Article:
In the digital age of COVID, we’re working together better than ever. These weekly calls that we’ve been trying to do agency-wide for years have now become a mandatory Zoom call. Every morning at 9 a.m. PT for an hour, we share information on fashion, social responsibility, sports, music, branding, and the business of COVID, and we all talk about how we’re going to intersect our clients as an agency. We share what’s happening with individual clients so that other representatives of the agency can go pick it up for a Steve Aoki or a SAINt JHN.
And we have a separate division for social-impact programming and for brand partnerships. We’re very proactive in seeking new opportunities for our clients through brand alliances, org alliances, and institution alliances.
What does that mean?
If a client is interested in the arts, for example, we’re gonna have conversations with Frieze Fair, MOMA, or MOCA to see if there are any sort of collaborative opportunities in the art space. There’s such an interesting intersection between music and contemporary art. We started in that space in 2010 with Chris Brown when we created a partnership with him and Ron English, which became the F.A.M.E. album cover. And we launched two art exhibits and a toy-collectible art collection out of that.
Same goes for fashion. Especially now, there’s a resurgence of so many design houses that are doing digital content and partnering with artists. You saw Alicia Keys and Valentino launch their program. Next week, we’re launching two fashion partnerships with artists of ours and major designers because of COVID. We’re creating fashion films and virtual-performance content.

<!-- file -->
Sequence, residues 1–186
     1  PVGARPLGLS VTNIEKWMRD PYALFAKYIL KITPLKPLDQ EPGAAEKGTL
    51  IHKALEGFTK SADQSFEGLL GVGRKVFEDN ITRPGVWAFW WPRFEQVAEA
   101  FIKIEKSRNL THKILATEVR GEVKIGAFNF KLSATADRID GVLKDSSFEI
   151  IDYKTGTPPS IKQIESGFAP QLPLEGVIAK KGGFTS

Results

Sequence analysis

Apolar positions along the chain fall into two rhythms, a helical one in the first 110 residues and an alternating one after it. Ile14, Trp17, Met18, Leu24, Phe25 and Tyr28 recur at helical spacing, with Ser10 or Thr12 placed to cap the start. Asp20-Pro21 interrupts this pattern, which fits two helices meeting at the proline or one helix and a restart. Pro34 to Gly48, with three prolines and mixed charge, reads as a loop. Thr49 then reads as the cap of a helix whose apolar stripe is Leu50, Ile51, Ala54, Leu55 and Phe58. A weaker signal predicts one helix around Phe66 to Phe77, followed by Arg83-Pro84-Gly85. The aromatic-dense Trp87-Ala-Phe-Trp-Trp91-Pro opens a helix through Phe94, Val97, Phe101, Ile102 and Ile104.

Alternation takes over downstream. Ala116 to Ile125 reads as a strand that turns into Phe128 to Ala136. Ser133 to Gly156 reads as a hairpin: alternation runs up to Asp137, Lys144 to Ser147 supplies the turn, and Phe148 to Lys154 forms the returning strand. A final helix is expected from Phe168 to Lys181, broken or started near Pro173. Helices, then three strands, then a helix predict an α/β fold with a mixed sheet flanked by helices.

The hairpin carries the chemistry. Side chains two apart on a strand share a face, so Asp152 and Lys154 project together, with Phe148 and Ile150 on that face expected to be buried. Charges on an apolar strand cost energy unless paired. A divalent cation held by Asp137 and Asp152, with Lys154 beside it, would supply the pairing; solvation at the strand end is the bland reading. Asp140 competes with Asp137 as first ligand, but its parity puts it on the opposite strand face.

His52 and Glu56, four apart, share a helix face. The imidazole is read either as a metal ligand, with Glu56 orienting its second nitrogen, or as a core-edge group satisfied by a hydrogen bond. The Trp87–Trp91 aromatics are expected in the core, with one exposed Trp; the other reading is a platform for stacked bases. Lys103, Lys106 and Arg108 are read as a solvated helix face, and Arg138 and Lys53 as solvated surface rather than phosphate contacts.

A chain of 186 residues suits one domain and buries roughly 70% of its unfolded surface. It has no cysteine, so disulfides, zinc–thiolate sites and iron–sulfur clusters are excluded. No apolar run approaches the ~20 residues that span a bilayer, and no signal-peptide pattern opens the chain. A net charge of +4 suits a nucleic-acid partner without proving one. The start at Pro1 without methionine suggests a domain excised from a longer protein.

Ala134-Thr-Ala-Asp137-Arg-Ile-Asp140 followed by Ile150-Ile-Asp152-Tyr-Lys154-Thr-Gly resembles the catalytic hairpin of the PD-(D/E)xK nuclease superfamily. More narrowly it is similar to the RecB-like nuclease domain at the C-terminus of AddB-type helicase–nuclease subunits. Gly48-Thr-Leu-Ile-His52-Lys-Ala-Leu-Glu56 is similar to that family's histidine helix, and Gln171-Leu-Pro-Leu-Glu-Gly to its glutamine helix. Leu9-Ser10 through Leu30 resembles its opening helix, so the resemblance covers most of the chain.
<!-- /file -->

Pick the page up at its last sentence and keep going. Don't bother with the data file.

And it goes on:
21 Savage has a financial literacy program. In finding the partners to help reach a vaster audience, we program and create that campaign. Now that we’re going digital with everything, because people can no longer be in school — we’re partnering with a leading digital solution for making financial literacy accessible for kids at home.
That division is focused on finding those partners. With Tory Lanez and the Dream City Fund, it’s the same thing. We knew that during [his Instagram Live show] Quarantine Radio, we needed to create a meaningful call to action around the massive audience of 380,000 viewers in real time, so we launched the Dream City Fund. In our outreach, we were able to discover that Amazon Music was supporting artists in these initiatives, so they matched our fund and we were able to launch with Amazon Music.
Who was your first client?